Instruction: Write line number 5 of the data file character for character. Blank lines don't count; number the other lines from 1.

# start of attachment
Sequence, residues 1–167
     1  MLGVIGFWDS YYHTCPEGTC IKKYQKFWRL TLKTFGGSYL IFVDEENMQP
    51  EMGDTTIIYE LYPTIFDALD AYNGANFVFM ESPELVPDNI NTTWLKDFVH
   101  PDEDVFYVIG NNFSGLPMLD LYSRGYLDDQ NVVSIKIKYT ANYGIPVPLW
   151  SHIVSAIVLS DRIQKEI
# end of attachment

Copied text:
   151  SHIVSAIVLS DRIQKEI